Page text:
“The Louisiana State Penitentiary in Angola is one of America’s most unusual prisons.”
Thus begins Atlantic reporter Jeffrey Goldberg’s report on the facility once referred to as “the bloodiest prison in America.” The comment initially refers to the 18,000 acre property’s previous existence as a southern plantation purchased with slave trade proceeds, but as the video makes clear, the uniqueness of Angola goes well beyond it’s history.
“For most of its history, Angola has been a fearsome place,” Goldberg says. “But in recent years, it has become relatively docile.”
The main reason for the change, according to Goldberg, is the man who has served as warden for 20 years, and his commitment to establishing a moral code behind bars.
“I realized pretty quick in my career that moral people don’t rape, pilfer, and steal,” says Warden Burl Cain. “Moral people aren’t criminals. The best thing I could do was get this place as moral as I could, and it would curb the violence.”
Most of the men in Angola have no chance of ever leaving the facility, which can foster a sense of hopelessness. By encouraging participation in religious programming and worship, as well as an emphasis on labor that benefits those outside, Cain has found that prisoners who have only known hopelessness now have new hope and purpose.
“The moral rehabilitation caused the hope,” says Cain.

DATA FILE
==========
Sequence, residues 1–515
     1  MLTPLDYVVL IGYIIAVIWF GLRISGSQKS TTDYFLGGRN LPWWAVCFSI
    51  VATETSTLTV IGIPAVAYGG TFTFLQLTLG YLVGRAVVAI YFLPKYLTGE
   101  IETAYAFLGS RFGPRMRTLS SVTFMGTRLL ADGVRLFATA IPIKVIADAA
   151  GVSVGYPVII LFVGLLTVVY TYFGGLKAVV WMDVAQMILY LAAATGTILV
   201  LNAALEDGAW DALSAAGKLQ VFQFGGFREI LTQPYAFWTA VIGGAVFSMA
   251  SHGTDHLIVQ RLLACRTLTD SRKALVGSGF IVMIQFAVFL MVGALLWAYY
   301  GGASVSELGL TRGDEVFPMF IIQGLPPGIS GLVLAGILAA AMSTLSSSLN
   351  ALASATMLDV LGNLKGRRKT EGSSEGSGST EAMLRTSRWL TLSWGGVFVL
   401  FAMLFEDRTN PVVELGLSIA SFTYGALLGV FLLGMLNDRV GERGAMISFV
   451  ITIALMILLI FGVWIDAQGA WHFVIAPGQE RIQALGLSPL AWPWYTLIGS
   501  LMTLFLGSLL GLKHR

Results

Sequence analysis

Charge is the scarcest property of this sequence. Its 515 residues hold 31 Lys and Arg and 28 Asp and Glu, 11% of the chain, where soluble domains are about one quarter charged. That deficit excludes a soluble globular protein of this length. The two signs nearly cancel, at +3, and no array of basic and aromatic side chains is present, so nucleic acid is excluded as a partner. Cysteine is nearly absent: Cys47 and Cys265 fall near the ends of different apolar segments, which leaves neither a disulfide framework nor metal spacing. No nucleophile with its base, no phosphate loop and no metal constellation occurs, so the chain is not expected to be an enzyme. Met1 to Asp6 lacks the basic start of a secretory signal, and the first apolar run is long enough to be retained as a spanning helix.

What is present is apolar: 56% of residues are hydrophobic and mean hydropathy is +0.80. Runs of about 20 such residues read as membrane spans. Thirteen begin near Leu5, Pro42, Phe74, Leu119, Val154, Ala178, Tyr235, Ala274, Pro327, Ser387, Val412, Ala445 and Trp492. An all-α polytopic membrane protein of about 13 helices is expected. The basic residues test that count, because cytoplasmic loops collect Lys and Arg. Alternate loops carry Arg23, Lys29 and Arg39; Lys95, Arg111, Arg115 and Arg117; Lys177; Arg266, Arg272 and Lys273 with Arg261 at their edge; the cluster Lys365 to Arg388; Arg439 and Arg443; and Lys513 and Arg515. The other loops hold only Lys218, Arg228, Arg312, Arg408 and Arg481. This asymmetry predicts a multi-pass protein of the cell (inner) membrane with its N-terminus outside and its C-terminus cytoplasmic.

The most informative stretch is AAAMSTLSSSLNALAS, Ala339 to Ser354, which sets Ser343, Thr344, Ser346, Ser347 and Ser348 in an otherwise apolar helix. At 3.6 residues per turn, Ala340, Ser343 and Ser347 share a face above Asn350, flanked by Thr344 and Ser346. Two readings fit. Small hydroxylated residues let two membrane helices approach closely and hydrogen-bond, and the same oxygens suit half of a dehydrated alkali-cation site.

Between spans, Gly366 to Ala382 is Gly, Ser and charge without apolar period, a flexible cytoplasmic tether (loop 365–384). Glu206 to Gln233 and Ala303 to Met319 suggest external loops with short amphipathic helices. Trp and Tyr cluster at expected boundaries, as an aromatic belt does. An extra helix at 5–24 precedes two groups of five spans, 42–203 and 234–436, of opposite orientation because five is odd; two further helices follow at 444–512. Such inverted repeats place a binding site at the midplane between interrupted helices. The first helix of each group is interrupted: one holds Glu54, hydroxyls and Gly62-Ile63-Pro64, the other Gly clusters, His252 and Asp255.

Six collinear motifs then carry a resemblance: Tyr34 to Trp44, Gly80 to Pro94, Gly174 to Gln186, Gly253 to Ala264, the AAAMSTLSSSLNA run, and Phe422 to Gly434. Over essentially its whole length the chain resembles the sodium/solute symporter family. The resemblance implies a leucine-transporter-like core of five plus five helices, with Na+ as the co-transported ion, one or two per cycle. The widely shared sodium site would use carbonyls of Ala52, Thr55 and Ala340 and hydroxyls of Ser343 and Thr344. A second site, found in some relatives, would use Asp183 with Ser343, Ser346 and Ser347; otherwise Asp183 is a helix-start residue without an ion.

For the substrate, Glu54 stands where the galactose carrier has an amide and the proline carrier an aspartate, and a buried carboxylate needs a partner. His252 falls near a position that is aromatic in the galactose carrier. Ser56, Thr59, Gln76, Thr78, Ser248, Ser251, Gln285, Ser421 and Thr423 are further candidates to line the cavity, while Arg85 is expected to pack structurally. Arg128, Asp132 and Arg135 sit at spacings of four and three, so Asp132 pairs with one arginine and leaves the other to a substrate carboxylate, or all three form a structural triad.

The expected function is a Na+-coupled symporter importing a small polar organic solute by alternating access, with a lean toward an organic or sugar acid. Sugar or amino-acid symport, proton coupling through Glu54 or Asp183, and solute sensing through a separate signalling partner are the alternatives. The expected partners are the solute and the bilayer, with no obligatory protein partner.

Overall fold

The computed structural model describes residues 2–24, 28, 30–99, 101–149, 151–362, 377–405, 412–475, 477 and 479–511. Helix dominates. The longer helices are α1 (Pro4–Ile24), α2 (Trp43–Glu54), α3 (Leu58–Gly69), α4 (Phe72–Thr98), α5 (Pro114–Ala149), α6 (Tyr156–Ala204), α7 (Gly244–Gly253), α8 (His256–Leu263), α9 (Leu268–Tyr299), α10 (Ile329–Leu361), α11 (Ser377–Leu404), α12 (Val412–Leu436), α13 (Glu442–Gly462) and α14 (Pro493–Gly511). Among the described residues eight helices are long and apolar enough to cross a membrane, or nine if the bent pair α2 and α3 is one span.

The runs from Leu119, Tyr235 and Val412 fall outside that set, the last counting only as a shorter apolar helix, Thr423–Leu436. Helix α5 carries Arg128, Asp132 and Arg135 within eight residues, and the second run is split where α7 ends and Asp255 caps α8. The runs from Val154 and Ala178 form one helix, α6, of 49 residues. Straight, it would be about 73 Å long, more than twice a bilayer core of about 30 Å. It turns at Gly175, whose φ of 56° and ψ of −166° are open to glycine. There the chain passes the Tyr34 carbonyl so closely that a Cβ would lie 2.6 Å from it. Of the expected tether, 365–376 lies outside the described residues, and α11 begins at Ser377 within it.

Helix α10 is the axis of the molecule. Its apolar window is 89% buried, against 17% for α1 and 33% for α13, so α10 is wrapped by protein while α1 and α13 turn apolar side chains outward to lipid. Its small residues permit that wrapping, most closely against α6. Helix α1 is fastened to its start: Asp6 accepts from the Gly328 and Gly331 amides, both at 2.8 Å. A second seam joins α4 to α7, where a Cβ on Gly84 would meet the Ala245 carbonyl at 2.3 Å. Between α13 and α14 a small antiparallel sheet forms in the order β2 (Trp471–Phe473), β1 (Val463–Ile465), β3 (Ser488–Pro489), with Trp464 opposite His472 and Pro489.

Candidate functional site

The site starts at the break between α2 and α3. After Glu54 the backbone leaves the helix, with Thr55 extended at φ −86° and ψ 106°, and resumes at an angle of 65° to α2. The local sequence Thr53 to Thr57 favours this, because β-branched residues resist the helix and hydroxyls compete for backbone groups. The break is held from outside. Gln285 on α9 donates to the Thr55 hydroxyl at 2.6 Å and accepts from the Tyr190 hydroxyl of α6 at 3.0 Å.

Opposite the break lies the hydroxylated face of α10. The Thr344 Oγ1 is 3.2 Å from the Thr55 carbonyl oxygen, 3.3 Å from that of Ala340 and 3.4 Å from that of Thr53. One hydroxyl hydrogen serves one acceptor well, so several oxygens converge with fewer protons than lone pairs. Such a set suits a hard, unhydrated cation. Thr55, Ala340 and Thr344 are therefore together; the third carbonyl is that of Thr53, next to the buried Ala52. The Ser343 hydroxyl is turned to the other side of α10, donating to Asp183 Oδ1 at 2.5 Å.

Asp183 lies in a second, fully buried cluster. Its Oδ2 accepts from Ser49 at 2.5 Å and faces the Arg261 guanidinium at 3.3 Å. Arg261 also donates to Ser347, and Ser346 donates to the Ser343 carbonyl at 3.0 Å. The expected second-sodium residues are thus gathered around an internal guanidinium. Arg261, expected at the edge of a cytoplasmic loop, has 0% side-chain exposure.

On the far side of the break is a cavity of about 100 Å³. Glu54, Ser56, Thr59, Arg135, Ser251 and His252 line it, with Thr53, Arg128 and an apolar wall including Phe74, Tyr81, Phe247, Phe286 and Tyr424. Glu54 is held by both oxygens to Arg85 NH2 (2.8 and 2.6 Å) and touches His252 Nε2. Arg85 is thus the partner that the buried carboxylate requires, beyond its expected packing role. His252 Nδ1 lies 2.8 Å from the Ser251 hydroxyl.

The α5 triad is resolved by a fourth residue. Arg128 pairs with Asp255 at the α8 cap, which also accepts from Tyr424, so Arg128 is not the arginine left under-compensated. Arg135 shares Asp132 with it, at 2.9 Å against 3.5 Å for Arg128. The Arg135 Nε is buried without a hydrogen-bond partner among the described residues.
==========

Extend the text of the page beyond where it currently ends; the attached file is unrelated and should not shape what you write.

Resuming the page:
The video features three prisoners who participate in the “Malachi Dads” program. The program, based on Malachi 4:6, (“He will turn the hearts of the fathers to the children, and the hearts of the children to their fathers …”), uses Scripture to encourage men to become better fathers to their children.
“Just because you’re locked up in prison doesn’t give you the right to not still be a father,” says George Gillam, who is serving a life sentence for second-degree murder. “Healthy people … want to give back, and that’s what we do every day.”
John Sheehan, another prisoner serving a life sentence for second-degree murder, is an instructor of an auto repair class for men who will eventually leave the prison. Despite the fact that he will never leave Angola, Sheehan believes he is making a difference by teaching others who will
“These men that are sitting here at this table and working on this car—they are going home,” Sheehan says. “And if I can help change their lives so that they are going to be a father, they are going to be a husband, they are going to be a better son to their mother, then I am giving back to society. And I feel good about that.”
“Changing my life to the better is to help these young men to change their lives,” says Sheehan.
Prison Fellowship believes that all human beings have inherent value, even those behind bars. Through Christ, there is the promise of true transformation, and the renewal of hope. To learn more about the work of Prison Fellowship inside prisons across America, click here.